The 26-year itch.

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The raving 20s. Not that wild decade where Paris was the literati center of the world and Shanghai that of expatriate decadence—no, I’m talking about that stage of life that is like no other in terms of how different the mindset you have entering it is from that which you attain before moving into your thirties.

For many, marriage happens, babies happen, taking out a loan and moving into a house happens as well as settling into a comfortable job. And then, hopefully, you live the rest of your life happily ever after trying to avoid divorce and late payments.

When I was younger, I remember being told after a bad break up “Don’t worry, if he’s the right one, your paths will meet again. If you don’t, it just wasn’t meant to be”. Destiny, what a nice concept. We’re made to believe that bricks just fall into place along that path of life that we follow, but they don’t. Consciously or unconsciously, we pick every one.

We are basically the sum of our choices and whatever that sum is before 26, there is still loads of time to change the variables. Actually, life is probably amazing during that time because it seems to do the math for you. When you’re in college or stepping into your first job, the cards never seem to be completely in your hands. 26 seems to be around the time you realize that they are: you are dealing them and the way you do will determine whether you win or lose. You must start thinking strategy and worse, predicting  and accommodating the future.

I have always followed a mixture of gut feeling and pragmatism, with the former often taking over unless the latter came up with a damn good reason not to. Trying new things, flying to new places, hooking up with people because why not, everything is an experience. If you fail at something, that’s the way you learn. The now is my playground and I enjoy my non future-proof life.

But 26 seems to be the turning point for that attitude. Of course we continue to learn from our mistakes until the end of our lives, but we cannot fly into choices anymore with the same amount of thought we gave them when we were 20. Everything from our retirement plan to our wrinkles need to be calculated.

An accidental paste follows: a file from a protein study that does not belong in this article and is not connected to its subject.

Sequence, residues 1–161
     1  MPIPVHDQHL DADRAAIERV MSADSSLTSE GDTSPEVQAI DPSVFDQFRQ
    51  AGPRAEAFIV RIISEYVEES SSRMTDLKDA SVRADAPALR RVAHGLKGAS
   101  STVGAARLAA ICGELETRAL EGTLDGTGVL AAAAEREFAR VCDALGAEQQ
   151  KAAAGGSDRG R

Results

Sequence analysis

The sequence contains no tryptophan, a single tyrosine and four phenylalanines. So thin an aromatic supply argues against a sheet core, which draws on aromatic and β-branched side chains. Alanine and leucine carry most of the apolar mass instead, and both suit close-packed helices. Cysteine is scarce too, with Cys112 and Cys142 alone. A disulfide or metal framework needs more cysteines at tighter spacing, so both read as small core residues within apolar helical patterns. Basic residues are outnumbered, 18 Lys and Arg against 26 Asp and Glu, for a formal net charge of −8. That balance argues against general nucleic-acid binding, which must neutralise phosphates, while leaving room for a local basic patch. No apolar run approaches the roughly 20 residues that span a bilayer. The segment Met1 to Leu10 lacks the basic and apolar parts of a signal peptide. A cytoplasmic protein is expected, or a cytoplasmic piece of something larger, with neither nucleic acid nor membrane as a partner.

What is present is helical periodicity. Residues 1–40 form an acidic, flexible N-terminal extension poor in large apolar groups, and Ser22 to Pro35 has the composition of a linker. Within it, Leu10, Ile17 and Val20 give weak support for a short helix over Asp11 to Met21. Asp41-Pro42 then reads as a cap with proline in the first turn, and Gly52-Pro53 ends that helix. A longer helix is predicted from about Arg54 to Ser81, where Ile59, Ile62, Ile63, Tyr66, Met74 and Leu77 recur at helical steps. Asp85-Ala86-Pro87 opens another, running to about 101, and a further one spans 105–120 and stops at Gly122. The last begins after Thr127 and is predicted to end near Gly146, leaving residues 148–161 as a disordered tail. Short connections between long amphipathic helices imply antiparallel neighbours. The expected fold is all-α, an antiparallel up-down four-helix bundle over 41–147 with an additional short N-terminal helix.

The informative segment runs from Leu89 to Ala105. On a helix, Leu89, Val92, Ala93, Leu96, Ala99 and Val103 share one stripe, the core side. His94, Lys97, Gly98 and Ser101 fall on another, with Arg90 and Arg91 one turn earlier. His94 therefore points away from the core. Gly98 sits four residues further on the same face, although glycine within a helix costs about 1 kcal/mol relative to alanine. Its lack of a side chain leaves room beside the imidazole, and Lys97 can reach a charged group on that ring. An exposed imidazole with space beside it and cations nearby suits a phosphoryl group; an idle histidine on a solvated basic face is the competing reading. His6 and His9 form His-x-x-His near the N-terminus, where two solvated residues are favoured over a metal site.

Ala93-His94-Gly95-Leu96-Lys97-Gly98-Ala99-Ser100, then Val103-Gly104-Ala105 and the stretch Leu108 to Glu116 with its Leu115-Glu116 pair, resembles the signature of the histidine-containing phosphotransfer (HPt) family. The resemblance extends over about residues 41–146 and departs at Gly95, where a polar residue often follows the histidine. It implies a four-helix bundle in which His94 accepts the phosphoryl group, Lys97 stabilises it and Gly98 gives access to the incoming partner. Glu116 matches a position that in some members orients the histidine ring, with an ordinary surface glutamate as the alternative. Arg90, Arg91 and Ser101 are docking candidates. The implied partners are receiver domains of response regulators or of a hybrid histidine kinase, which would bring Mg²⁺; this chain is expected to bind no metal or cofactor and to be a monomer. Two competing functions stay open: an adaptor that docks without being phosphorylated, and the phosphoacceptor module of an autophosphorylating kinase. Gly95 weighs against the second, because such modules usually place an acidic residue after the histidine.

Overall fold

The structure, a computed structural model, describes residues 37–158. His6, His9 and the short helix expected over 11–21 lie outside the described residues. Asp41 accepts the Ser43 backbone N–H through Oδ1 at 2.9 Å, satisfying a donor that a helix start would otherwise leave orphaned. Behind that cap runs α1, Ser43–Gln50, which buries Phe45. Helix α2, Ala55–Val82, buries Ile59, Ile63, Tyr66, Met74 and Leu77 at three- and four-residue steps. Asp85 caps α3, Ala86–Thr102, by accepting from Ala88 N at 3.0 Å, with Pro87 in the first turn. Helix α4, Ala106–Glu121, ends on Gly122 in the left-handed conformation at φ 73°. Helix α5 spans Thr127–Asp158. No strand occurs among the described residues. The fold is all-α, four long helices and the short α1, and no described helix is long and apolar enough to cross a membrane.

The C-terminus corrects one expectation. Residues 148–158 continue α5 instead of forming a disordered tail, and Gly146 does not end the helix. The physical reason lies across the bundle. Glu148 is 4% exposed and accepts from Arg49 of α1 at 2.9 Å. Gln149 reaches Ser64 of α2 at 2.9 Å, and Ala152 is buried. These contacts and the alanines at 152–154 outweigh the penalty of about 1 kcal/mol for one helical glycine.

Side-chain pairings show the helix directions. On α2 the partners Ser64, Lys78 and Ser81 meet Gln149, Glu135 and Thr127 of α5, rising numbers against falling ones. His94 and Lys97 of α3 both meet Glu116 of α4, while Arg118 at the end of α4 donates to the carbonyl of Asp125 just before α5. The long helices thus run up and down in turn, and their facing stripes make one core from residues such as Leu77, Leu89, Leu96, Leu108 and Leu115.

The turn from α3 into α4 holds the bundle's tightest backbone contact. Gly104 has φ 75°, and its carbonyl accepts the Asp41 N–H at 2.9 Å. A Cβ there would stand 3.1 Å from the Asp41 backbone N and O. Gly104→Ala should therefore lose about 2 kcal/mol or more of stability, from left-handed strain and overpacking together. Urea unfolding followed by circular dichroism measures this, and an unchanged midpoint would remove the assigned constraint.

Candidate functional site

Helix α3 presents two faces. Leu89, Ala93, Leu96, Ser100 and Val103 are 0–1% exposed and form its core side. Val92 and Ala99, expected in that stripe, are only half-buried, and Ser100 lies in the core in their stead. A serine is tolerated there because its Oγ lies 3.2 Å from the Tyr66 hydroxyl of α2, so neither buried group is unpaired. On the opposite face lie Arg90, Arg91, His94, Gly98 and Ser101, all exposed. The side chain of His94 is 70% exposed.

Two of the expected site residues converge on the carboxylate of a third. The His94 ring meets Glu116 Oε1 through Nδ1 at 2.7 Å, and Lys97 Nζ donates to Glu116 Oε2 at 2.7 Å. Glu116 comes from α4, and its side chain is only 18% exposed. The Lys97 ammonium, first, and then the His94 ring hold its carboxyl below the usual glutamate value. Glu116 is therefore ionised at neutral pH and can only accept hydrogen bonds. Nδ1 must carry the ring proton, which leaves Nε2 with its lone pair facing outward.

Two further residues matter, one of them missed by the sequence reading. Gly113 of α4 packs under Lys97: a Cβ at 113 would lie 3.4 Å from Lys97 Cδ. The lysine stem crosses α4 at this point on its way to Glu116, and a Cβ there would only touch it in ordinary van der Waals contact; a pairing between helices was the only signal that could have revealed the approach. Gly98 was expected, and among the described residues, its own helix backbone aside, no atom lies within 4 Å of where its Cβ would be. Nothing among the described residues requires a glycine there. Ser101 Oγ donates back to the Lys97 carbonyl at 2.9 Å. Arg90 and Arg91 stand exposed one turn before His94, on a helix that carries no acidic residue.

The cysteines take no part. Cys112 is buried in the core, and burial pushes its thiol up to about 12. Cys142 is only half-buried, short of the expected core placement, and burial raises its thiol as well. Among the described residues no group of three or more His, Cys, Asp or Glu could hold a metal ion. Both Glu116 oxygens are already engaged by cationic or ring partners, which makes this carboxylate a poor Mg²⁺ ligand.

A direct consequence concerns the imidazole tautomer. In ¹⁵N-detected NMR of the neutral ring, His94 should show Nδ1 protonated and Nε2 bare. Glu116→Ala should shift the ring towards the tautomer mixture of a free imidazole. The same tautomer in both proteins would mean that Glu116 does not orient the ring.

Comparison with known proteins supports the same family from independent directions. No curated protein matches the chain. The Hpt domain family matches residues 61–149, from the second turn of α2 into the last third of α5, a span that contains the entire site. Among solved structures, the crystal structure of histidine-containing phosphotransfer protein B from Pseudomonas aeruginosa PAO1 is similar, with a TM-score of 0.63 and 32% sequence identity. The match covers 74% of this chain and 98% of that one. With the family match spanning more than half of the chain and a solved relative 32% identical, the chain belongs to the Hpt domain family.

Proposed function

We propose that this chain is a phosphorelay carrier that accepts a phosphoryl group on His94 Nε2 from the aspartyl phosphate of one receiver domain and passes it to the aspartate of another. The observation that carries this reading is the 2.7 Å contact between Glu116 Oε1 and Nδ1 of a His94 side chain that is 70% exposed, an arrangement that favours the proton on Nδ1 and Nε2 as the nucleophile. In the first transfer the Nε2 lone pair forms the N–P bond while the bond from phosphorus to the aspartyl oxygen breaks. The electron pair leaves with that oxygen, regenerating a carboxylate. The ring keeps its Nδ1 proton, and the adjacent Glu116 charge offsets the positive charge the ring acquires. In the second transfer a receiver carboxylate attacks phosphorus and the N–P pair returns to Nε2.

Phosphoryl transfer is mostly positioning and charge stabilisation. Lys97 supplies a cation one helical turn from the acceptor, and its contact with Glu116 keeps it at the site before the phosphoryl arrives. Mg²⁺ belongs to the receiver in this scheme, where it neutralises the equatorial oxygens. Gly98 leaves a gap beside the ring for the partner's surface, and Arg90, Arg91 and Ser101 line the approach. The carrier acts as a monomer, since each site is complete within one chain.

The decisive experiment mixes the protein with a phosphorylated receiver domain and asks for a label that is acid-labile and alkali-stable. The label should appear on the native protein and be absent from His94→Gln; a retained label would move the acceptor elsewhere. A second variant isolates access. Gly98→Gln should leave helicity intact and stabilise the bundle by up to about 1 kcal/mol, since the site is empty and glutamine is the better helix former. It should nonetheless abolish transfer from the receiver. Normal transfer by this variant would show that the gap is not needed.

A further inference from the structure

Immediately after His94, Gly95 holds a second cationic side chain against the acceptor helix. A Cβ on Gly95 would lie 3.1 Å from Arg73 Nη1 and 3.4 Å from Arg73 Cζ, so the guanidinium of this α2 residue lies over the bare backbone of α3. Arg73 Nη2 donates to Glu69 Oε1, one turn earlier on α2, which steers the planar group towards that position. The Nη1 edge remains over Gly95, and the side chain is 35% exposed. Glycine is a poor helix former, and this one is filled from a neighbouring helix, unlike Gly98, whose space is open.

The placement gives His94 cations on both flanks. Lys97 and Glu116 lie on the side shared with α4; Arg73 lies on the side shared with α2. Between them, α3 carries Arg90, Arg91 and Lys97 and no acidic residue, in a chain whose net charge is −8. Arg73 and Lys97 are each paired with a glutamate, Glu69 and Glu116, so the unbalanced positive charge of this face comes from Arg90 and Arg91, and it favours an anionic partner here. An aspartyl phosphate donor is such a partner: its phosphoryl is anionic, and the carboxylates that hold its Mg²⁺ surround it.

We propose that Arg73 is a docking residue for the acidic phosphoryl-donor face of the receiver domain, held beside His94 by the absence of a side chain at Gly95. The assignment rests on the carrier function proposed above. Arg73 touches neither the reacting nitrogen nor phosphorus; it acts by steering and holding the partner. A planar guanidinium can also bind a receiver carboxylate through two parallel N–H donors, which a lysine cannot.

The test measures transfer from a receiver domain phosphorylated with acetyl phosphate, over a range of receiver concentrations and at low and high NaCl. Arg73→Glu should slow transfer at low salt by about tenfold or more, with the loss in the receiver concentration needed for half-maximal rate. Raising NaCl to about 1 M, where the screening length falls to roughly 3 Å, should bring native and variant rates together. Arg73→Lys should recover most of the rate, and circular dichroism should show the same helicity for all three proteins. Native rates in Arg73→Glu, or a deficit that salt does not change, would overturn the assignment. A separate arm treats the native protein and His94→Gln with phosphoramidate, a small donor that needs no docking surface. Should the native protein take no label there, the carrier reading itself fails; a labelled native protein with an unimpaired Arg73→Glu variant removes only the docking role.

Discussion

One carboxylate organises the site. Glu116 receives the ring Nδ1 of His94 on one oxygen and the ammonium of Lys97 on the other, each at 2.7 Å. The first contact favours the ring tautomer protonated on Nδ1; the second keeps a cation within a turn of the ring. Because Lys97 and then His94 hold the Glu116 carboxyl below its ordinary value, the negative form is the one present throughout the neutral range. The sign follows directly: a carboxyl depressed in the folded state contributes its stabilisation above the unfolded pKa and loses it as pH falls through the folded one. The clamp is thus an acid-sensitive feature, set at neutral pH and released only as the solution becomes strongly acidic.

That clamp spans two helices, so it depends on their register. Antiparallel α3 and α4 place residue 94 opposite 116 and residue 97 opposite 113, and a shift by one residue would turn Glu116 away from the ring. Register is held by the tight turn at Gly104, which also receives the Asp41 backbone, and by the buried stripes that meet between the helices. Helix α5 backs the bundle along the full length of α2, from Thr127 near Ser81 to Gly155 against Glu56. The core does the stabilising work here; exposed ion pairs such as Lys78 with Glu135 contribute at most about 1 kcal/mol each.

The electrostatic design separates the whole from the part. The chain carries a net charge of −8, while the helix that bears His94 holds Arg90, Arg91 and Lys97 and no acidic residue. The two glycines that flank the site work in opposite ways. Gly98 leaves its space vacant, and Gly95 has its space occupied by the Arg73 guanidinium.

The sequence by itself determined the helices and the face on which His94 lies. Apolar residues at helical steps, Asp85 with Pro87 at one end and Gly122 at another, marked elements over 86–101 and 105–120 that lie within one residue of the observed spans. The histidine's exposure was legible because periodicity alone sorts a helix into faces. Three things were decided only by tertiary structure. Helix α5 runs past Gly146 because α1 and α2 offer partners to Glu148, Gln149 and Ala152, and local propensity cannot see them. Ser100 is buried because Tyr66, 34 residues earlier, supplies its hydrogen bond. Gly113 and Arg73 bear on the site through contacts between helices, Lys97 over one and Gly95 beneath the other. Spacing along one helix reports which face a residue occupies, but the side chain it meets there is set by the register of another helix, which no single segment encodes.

I suck at weighing choices, it cripples me. My gut feeling has always been my guiding hand and although spontaneity is often associated with a sort of foolhardiness and recklessness, it is what makes me feel most alive and I believe we are able to mix in a sufficient dose of rationality and know where the line is. As I come to terms with the fact that I must begin to shoulder more responsibility at the expense of my carefree spirit, I already feel nostalgic for the spontaneity thats results from a short-lived meandering between possibilities.

26 seems to inject you with a heavy dose of maturity. Everybody around you seems to be keeping you in check with what you should be worried about. But I don’t want to have to think about my life in 5 years time in order to make decisions for its course today. I don’t want to stick to a job because it means something to employers to have over 2 years experience with a same company. I don’t want to start thinking about the money I should put aside every month so that I don’t find myself miserable and poor in my old age. I don’t want to start slapping creams on my face because if I don’t it will fall off in ten years. And I don’t want to enter my romantic relationships thinking of how well we will grow old together and what life we can give our (argh!) offsprings before I even know his last name.

I get it, we need to become more pragmatic because our choices will affect our future more strongly. Everything must start moving in a straight line and upwards because if at 30-35 you’re still an unsettled jack-of-all-trades, you’ll probably go onto a list of undesirables on the job market (and let’s not even talk about that other list of undesirables you’re afraid of landing on when you’ve crossed the 30 mark.)

What is the solution then if you simply want the adventure to continue and not let this maturity requisition hit you like a warp? I don’t want to have to settle on a trade yet. I like what I do but it’s not about what I do, it’s about what I don’t do. It’s about the grass is always greener somewhere else and wanting to jump the fence even if you know you might jump straight back. But I’ll never be basking in the sun in this backyard if I haven’t seen for myself that there are no better backyards elsewhere to bask in!

I do like security, but only of a steady income. Yet I now need to consider whether my 35-year old self will be happy with my 26-year old decisions.

There is no “meant to be” and the path I walk down is a path I lay for myself. Somehow the full meaning of this hits home only now. The irreversibility maybe?

One way or another, life is telling me I must learn to weigh my options with more consideration for the future and I will do so, whilst making sure to leave the door open for the impromptu.

There you have it, my 26-year itch. The realization that another life is starting: the one where the future is always present and not as a mere inherent existence, but rather as a looming consequence. Bloody Blake’s Innocence turning to Experience.

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